Older residents of Dallas, Texas, may be looking for ways to make ends meet or stretch each dollar, and saving on taxes is one thing many residents might take advantage of. One politician in a nearby town sent mailers to 8,500 senior citizens stating that Texas law lets them avoid paying property taxes. The statement is not incorrect — Texas tax law does let individuals aged 65 or older defer property taxes until the point of death.
According to reports, there are mixed feelings about deferring property taxes for so long. One resident pointed out that deferrals could inhibit asset protection. The taxes don’t go away. Instead, they come due all at once when the owner of the home dies, making heirs responsible for total tax payment.
In the city where the political candidate is informing seniors about their right to defer property taxes, public officials are worried. According to reports, seniors’ property tax payments make up two percent of the city’s general fund. Only 199 seniors in the city reportedly took advantage of the deferral last year; if all eligible individuals did so this year, the city could lose close to $14 million in tax revenue.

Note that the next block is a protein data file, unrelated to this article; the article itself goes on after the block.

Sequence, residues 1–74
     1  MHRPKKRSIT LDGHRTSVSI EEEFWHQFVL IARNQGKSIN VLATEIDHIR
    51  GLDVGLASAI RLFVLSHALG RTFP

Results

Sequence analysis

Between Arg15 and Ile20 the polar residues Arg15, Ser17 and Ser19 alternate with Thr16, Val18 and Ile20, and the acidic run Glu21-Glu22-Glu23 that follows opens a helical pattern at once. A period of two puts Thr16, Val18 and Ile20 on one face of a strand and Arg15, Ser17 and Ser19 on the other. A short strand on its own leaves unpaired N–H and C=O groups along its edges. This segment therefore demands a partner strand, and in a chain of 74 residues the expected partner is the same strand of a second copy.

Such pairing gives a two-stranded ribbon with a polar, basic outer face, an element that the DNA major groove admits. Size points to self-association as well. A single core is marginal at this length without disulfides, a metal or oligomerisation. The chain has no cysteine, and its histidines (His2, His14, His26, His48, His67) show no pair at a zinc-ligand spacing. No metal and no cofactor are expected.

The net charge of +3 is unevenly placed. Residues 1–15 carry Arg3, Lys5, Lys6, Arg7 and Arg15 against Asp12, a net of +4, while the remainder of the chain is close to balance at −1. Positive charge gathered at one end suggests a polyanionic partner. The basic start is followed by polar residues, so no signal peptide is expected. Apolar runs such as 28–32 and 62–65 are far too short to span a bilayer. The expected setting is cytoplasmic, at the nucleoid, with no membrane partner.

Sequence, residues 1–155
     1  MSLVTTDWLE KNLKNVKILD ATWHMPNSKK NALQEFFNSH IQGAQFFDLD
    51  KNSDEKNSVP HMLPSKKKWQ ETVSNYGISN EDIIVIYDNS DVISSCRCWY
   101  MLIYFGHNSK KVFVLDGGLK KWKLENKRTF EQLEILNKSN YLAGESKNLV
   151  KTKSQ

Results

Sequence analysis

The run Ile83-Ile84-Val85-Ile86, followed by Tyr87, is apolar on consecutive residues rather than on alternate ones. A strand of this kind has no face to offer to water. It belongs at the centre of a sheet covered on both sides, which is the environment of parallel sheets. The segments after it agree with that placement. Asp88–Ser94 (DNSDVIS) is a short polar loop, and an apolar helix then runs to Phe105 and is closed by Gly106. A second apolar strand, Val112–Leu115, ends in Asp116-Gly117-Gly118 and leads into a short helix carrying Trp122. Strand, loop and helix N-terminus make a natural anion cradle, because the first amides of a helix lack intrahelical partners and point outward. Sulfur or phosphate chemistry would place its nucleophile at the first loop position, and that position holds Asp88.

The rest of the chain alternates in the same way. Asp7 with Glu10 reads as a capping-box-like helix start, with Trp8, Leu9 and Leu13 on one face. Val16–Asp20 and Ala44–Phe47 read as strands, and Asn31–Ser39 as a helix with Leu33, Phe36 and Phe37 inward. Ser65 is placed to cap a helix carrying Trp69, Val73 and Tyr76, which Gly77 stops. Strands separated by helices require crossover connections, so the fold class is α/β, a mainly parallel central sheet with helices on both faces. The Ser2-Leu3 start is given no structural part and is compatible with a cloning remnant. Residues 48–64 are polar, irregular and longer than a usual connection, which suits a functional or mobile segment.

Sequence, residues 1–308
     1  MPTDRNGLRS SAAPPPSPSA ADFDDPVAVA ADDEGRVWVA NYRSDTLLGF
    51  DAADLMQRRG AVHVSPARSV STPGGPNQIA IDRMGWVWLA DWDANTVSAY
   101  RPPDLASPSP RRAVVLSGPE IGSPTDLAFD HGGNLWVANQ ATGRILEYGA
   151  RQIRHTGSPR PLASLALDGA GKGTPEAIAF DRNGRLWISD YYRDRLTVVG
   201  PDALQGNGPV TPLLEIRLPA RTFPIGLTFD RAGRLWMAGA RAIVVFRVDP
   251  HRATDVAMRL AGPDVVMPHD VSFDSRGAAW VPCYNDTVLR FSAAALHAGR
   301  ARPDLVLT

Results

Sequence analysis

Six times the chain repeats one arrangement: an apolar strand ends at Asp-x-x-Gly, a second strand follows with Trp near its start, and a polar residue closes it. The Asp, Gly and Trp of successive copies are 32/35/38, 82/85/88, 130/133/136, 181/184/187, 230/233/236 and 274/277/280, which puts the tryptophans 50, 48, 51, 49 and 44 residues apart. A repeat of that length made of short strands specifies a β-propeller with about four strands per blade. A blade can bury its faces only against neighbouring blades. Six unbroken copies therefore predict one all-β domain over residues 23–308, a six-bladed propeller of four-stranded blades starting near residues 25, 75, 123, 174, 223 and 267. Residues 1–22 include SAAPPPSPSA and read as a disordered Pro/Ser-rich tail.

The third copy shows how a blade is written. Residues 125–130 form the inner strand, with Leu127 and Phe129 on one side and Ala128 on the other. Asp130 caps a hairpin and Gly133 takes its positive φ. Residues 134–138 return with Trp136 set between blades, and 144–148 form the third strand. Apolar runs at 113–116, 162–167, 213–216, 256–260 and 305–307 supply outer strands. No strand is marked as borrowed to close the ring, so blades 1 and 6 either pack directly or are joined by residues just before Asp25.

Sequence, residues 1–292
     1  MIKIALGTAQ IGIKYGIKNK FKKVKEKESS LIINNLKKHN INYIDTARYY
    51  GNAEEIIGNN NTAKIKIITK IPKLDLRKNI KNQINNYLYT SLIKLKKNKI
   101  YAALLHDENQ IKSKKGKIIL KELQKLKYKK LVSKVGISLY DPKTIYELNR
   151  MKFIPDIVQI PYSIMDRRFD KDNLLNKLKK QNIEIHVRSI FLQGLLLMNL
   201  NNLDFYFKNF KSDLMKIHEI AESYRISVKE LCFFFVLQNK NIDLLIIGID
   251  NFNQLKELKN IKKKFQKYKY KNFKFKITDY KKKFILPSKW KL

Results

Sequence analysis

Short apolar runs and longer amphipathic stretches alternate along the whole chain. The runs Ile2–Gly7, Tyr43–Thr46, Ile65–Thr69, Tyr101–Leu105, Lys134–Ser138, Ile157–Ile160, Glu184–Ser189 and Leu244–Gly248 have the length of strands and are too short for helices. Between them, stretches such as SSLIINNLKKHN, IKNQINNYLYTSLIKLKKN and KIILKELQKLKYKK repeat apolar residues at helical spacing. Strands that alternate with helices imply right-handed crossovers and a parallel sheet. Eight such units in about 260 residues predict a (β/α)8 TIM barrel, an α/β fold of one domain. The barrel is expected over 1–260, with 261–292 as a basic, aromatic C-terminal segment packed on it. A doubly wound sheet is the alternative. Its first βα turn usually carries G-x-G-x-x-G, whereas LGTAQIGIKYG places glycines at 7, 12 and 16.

According to reports, the deferral law was drafted in the 1970s. The law was meant to assist seniors struggling with finances so they didn’t lose their homes. According to reports, the deferral forms don’t require seniors to prove minimal incomes. The deferral law lets anyone who is disabled or over the age of 65 defer property taxes for the rest of their life; the only requirement is that any involved mortgage lender consents to the deferral.
Deferring property taxes for years could result in a large tax bill upon the property owner’s death. Heirs who are suddenly hit with expensive tax bills could lose properties they inherited, impacting family legacies. It’s important to consider all ramifications when taking advantage of any tax loophole, especially those related to future payments or estates.
Source: The Dallas Morning News, “Irving mayor candidate suggests seniors stop paying property taxes” Avi Selk, Apr. 13, 2014